$8.00 donated in past month
From the Open-Publishing Calendar
From the Open-Publishing Newswire
Cops arrest around 100 protesters in Oakland
Cops arrest around 100 protesters in Oakland around E. 18th St., and 7th Ave!
Cops arrest around 100 protesters in Oakland
by Lynda Carson -- November 6, 2010
Oakland - The November 5, 2010, light sentence of Johannes Mehserle to 2 years in prison with time served, had a big impact on my neighborhood the evening of November 5, as the neighborhood filled up with 100's of protesters fleeing from the violence of on-going police brutality, and threat of arrest by Oakland Cops.
An early quiet Friday evening in front of and near my residence turned into a bizarre type of escape scene one might see in the movies, with dozens of people running by, fleeing on foot in fear, and running down the sidewalk past my apartment in a state of sheer panic. It all reminded me of a scene from the movie, The Planet of the Apes.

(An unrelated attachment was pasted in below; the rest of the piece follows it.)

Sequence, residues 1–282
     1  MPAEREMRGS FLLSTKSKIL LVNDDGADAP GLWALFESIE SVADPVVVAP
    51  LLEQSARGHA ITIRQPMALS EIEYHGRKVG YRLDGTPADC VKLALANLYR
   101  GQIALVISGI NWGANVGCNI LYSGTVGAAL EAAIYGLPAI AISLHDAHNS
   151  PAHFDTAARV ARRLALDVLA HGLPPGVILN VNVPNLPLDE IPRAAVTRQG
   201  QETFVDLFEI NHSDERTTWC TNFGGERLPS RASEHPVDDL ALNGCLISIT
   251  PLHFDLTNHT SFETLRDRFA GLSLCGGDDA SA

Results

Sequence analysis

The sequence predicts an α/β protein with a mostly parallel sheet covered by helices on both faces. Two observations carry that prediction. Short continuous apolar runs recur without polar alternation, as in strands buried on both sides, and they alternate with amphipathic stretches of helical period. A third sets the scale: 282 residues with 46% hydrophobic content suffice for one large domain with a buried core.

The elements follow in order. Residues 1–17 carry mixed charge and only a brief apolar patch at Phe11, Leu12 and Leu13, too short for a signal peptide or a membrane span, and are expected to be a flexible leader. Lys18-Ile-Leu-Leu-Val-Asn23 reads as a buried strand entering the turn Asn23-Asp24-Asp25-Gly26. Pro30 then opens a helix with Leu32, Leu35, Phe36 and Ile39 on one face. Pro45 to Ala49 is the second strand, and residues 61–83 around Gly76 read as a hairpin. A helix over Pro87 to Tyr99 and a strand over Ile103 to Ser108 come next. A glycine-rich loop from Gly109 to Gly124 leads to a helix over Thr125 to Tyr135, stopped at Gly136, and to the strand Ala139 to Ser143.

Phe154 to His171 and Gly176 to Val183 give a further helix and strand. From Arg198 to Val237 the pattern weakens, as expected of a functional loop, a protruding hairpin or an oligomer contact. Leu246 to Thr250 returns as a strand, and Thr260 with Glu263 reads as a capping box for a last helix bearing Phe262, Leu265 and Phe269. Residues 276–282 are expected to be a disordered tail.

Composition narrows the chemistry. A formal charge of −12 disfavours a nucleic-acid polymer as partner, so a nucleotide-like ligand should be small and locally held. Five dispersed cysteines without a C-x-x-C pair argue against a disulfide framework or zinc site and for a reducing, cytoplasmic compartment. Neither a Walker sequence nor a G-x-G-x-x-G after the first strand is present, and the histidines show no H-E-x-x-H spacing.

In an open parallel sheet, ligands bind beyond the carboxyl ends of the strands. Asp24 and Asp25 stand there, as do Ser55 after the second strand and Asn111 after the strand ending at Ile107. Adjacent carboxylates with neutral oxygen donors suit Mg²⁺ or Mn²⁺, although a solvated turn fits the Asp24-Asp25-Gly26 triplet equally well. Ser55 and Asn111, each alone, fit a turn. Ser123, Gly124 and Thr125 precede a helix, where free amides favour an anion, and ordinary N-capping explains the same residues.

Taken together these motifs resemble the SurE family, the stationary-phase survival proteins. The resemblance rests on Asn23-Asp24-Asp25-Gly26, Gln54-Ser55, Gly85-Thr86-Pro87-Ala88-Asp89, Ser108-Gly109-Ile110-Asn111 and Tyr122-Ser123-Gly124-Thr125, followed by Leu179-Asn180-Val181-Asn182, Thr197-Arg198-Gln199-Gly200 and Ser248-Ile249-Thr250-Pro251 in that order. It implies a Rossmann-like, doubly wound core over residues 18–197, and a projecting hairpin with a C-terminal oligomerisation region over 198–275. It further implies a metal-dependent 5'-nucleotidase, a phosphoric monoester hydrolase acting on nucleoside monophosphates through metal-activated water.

Around 7pm (my neighborhood), near the corner of 8th Ave and E.19th St., was saturated with tons of speeding squad cars, loud sirens and 3 to 4 helicopters flying overhead in tight looped circles with bright blazing searchlights, turning nightfall into a dazzling brightly lit crime scene far down below.
Both men and women were running by, and some were in their teens, but most of them were in their 20's and 30's, and a few were older. A mix mostly of blacks, latinos and whites. Many were on bicycles.
I could see the look of sweat and fear on peoples faces as they silently ran by trying to find a safe place to hide, far away from the cops that were chasing them with guns, night sticks, tasers and a one way ticket to Santa Rita jail.
Some of those fleeing were looking for a place to hide in the bushes, in peoples driveways behind the parked cars, under the porches and near the sides of buildings along the street.
These were the same people who were protesting Johannes Mehserle sentence downtown Oakland earlier during the day, who ended up near Laney College and then were later dispersed and chased into my neighborhood by the large brutal police force, that had all the protesters on the run.